Lately I’ve been reading memoirs for reasons that remind me of a line from the uneven but wrenching musical Falsettos. It’s sung by the sometimes lovable, sometimes despicable protagonist: “I never wanted to love you/ I only wanted to see my face in yours.” But the best memoirs not only reflect back who you are. They also open worlds beyond your ken, understandings beyond your narrow vision.
Maya Shanbhag Lang’s What We Carry does all of this. It is a mother-daughter tale, one so unflinchingly honest that I kept dogearing pages, astonished by the author’s ability to see and name her feelings. Toward the end of the book, emerging from an almost idolization of her psychiatrist mother throughout childhood and early adulthood, Lang observes: “Truthfully, my mom wasn’t a terribly empathetic person.” She goes on to insist: “When a person shows you who she is, you should believe her, yet I bent over backward to see otherwise. Focused on the fantasy of a devoted mother, I chose to ignore so much.”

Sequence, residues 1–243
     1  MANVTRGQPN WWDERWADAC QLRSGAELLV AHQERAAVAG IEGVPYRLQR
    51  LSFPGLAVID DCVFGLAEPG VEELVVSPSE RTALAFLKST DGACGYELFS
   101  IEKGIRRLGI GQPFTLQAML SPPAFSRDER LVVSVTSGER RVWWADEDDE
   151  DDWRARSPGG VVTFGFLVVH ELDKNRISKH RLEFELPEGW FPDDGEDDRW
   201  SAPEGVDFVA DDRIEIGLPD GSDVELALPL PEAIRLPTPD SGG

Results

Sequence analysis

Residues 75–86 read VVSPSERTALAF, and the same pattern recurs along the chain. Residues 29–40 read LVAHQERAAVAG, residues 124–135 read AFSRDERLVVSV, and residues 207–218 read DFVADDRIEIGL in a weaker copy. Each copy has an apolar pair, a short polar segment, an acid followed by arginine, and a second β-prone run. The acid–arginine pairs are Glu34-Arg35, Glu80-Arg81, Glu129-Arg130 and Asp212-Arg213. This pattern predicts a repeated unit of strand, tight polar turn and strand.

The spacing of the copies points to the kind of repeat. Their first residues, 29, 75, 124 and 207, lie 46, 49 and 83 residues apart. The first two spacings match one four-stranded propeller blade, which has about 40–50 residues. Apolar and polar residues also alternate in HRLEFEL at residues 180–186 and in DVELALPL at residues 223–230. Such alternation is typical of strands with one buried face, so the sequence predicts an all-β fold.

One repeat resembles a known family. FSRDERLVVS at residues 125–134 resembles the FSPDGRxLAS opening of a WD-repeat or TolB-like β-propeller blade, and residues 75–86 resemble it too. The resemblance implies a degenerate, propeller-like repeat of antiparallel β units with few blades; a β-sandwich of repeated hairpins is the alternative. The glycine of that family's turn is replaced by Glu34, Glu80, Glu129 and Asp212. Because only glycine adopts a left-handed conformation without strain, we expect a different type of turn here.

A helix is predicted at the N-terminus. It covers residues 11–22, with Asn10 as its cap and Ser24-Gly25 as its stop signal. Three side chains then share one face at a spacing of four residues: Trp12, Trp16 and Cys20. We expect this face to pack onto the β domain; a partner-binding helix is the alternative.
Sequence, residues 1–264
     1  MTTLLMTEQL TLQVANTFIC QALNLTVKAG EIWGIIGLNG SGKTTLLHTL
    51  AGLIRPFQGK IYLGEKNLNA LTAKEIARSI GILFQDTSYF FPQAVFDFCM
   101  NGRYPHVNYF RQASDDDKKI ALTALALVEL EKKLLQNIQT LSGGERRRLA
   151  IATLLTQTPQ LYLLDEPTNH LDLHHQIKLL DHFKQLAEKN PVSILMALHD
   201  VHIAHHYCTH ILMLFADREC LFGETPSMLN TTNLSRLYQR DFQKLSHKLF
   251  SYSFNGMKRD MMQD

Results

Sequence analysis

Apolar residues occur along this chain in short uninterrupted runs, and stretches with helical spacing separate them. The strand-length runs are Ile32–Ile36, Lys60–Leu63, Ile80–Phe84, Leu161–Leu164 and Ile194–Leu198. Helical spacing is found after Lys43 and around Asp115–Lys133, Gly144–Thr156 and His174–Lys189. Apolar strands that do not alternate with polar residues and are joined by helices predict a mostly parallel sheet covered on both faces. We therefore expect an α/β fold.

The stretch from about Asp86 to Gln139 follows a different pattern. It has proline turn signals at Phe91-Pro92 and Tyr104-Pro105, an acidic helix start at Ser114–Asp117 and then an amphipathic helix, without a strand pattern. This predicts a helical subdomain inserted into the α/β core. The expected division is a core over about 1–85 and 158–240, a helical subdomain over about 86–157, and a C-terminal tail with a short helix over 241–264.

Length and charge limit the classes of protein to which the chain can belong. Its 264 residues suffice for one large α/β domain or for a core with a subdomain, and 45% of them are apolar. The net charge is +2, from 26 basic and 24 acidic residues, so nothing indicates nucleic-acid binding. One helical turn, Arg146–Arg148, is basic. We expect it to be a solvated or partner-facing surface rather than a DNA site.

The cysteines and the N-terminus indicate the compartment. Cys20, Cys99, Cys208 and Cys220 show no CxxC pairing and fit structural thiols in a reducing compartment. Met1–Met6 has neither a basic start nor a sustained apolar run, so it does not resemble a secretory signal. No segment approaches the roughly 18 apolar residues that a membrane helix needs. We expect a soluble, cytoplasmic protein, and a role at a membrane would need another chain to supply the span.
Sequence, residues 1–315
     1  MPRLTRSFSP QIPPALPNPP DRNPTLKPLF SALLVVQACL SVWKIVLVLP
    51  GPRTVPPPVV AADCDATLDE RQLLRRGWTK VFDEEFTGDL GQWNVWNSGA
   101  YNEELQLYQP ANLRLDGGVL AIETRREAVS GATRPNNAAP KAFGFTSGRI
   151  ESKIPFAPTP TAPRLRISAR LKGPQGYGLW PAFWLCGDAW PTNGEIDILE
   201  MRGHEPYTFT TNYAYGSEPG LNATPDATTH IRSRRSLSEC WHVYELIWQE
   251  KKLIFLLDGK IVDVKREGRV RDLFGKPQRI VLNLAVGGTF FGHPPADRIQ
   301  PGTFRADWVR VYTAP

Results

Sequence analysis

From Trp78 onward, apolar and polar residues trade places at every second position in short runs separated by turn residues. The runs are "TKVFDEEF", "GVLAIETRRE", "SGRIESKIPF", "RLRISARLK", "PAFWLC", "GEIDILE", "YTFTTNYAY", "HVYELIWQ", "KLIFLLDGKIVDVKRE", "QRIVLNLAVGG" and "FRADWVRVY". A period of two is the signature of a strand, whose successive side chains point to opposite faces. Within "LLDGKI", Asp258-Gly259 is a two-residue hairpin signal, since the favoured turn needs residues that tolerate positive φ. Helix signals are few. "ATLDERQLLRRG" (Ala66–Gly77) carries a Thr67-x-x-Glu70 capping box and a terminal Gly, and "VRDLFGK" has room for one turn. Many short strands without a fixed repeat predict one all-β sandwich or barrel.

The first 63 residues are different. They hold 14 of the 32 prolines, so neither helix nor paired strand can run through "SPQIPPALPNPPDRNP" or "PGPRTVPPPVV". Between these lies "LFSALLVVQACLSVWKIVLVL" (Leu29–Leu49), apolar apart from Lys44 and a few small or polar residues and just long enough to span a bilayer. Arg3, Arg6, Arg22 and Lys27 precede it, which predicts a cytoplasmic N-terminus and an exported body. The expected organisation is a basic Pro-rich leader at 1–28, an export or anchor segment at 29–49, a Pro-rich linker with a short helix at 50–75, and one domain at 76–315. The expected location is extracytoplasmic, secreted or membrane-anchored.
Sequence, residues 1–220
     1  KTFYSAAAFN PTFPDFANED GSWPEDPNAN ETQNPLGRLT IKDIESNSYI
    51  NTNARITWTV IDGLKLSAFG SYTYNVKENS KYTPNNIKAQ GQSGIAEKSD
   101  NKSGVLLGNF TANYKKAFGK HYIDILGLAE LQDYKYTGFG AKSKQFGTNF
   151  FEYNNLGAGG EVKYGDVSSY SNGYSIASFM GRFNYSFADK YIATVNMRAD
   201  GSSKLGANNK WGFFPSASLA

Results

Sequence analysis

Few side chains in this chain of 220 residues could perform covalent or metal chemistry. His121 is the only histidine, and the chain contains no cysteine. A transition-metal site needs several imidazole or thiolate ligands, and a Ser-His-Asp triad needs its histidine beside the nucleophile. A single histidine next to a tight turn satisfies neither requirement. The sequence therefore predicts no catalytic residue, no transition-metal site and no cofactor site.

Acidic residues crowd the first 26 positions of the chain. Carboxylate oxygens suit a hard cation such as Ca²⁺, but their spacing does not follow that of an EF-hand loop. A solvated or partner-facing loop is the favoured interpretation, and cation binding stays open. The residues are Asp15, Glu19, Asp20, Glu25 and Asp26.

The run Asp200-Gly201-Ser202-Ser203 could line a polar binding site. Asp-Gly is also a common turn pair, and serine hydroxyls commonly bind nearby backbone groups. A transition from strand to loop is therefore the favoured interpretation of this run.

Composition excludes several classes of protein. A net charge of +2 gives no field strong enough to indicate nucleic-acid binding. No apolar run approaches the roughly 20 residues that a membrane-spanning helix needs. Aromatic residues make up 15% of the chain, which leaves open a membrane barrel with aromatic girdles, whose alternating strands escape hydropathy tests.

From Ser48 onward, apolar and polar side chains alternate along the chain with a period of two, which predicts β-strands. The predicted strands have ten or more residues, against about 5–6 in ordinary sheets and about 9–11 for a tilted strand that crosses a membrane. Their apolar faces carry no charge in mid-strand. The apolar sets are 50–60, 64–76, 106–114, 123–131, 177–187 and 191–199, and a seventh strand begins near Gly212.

What Lang ignored, and what she still loved about her mother after discovering sacrifices from her life in India and then in Long Island and New Jersey, fills the pages of this book with surprises. All of this happens to Lang en route to ushering her mother through Alzheimer’s while raising her own child. I couldn’t stop reading, wondering how Lang would make her peace with her mother before the book ended.
One hint comes in a story that opens the book and recurs a couple of times, with new understanding in each iteration. “Once there was a woman in the river,” her mother started in, telling the story nine days after Lang gave birth to her own daughter. “She held a child in her arms. Her son. She needed to cross the river, but it was much deeper than expected. As the water reached her chest, she panicked.”
Ultimately, Lang’s mother warned, “she could save herself or she could save her child.” The beauty of this memoir is that, in the end, it doesn’t exactly force a choice.